Prior to Nelson's report, no employee had ever reported to Bush that they had observed or were the victim of any inappropriate behavior by Lockard. (Doc. 33 at ¶ 22.) Nelson had never reported any concerns regarding sexual harassment or inappropriate behavior by Lockard toward her or anyone else. (Id.)

IV. The Department's Response
A. Initial Response

On September 12, 2015, the day after Nelson reported the incident to Bush, Bush notified her supervisors, Nicole Alt and Michael Thabault. (Id. at ¶ 24.) Bush also contacted Human Resources and Kathy Dennis, the Assistant Regional Director for Budget and Administration. (Id.) Because Nelson and Lockard worked in separate offices that were located hours apart, according to policy it was determined that Lockard need not be placed on administrative leave. (Id.)

The next day, Sunday, September 13, Bush contacted Michelle Rockwell, Regional Human Resources Officer for Region 6. (Id. at ¶ 25.) Bush informed Rockwell of the allegation and Rockwell concurred that administrative leave was not appropriate due to the substantial physical distance between the two employees. (Id.) Bush and Rockwell discussed informing Lockard that he was to have no contact with Nelson. (Id.) Bush was told that Carla Goltz was theEmployee Relations Specialist handling the matter. (Id.) Bush also spoke to Ben Conard, Lockard's direct supervisor in Kalispell. (Id. at ¶ 29.) Bush informed Conard of the incident and that Lockard was to have no contact with Nelson. (Id.)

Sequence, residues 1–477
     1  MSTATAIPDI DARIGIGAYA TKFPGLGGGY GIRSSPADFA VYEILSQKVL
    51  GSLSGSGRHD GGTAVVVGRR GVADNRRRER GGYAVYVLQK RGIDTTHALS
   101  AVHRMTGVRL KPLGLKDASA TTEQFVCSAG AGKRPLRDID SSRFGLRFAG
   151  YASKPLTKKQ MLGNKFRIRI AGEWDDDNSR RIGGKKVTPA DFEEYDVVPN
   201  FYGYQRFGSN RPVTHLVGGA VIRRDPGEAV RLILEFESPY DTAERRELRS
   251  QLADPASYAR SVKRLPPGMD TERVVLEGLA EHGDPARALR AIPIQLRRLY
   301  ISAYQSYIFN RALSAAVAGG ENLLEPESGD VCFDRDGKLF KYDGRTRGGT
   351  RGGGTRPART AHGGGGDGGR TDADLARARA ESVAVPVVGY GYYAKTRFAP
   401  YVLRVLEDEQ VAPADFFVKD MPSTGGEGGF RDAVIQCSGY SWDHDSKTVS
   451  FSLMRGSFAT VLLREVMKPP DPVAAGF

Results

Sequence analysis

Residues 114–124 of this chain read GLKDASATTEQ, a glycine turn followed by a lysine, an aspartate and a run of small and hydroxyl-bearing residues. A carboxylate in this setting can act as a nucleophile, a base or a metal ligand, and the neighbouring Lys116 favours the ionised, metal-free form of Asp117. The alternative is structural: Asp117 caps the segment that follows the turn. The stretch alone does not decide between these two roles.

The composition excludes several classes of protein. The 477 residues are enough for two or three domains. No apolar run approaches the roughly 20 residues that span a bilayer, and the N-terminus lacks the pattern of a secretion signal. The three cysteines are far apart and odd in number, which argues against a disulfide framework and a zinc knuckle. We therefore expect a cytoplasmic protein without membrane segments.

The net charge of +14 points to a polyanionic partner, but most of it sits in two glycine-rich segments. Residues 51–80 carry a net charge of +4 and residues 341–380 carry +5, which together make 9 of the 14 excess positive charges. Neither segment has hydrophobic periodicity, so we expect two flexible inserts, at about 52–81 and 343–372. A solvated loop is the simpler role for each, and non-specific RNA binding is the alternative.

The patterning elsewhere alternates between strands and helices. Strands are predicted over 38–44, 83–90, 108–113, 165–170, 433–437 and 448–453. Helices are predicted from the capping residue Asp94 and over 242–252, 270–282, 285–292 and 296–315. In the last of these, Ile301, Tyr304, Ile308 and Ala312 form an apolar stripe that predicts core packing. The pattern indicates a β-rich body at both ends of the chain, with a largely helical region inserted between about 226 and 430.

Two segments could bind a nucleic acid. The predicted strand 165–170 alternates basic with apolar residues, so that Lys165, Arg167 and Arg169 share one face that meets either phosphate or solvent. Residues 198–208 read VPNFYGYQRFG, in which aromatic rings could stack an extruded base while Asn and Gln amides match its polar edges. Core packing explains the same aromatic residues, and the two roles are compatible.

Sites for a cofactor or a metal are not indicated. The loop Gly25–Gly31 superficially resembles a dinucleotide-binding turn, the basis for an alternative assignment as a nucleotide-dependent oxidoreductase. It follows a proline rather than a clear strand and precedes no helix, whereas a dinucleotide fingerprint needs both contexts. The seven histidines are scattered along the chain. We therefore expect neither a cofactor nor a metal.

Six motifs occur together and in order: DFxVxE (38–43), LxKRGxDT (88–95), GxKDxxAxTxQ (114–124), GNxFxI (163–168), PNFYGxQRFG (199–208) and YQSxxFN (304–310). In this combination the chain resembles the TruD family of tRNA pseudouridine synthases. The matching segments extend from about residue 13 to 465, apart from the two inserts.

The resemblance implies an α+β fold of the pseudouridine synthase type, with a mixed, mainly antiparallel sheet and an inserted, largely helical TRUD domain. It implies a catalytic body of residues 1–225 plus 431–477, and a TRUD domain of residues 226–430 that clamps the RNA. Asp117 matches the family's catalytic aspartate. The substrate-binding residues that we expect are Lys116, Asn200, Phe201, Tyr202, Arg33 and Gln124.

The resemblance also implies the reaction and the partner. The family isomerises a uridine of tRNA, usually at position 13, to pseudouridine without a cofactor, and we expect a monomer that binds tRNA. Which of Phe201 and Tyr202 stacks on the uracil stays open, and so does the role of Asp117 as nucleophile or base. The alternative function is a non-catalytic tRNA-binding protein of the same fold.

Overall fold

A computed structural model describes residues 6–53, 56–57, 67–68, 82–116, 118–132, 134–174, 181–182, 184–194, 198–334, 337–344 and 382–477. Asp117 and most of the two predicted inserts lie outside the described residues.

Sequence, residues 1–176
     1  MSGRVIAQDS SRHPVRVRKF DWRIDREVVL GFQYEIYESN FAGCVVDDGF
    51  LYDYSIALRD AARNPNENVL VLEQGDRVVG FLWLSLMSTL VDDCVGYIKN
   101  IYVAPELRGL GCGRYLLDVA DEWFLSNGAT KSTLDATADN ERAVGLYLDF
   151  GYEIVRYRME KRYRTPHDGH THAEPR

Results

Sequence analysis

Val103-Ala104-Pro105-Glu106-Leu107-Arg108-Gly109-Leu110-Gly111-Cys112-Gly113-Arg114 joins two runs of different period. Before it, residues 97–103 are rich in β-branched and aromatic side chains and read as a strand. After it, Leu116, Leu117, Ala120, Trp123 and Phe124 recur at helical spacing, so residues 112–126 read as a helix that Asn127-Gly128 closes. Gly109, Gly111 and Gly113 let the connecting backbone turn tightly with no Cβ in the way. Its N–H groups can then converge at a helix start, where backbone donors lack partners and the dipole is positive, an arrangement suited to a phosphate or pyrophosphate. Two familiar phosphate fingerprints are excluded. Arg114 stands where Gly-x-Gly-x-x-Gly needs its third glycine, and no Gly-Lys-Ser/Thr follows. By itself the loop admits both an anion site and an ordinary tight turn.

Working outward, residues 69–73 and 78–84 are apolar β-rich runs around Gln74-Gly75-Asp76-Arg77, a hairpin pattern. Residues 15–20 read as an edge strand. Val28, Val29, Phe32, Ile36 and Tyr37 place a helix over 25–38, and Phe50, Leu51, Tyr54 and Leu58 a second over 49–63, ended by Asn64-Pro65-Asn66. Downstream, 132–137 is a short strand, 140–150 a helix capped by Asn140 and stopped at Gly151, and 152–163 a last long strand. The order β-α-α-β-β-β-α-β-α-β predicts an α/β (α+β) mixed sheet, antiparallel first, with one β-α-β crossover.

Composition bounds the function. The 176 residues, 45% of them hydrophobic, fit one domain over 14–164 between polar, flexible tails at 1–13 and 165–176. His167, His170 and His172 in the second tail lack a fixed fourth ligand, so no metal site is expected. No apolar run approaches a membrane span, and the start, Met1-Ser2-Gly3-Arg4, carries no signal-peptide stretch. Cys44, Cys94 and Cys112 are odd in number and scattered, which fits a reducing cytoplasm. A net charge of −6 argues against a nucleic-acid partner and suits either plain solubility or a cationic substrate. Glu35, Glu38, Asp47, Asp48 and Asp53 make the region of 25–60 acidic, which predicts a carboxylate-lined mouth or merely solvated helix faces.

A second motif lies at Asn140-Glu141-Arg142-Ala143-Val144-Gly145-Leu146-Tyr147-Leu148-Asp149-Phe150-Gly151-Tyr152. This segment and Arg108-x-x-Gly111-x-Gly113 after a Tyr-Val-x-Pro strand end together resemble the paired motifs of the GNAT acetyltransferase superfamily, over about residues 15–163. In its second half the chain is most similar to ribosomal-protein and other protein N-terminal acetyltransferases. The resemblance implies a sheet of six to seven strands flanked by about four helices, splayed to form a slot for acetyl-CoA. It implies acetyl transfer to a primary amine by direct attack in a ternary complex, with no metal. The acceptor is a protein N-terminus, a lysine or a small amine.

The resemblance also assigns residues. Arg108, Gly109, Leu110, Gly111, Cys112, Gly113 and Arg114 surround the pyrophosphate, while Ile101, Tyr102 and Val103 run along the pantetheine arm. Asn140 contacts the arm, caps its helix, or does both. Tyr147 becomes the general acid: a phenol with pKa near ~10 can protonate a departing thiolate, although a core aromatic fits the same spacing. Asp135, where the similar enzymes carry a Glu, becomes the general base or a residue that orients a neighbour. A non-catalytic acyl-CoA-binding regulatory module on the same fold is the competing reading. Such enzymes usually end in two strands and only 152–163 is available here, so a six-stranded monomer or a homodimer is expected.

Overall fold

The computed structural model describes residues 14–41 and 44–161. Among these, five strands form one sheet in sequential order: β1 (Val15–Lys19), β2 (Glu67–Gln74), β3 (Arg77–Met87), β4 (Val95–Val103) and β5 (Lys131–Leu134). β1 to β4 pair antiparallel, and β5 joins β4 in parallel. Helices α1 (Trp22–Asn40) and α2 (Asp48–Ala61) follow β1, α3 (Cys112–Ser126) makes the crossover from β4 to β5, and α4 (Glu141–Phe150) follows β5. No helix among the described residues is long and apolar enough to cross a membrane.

On Monday, September 14, Conard and Bush informed Lockard that he had been accused of sexual misconduct and that he was to have no contact with Nelson or her husband, was not to travel to the Helena office, and was to remove himself from any dive events in which Nelson—or any other female—would be involved. (Id. at ¶ 30.) Later that week, Bush prepared a memo, approved by Goltz, reiterating the oral notice given to Lockard. (Id. at ¶ 31.) The memo clarified that Lockard was to have no email, phone, or personal contact with Nelson or her husband. (Id.) The memo was provided to Conard and delivered to Lockard. (Id.) The memo also removed Esmoil from Lockard's chain of command. (Id. at ¶ 32.)

B. ...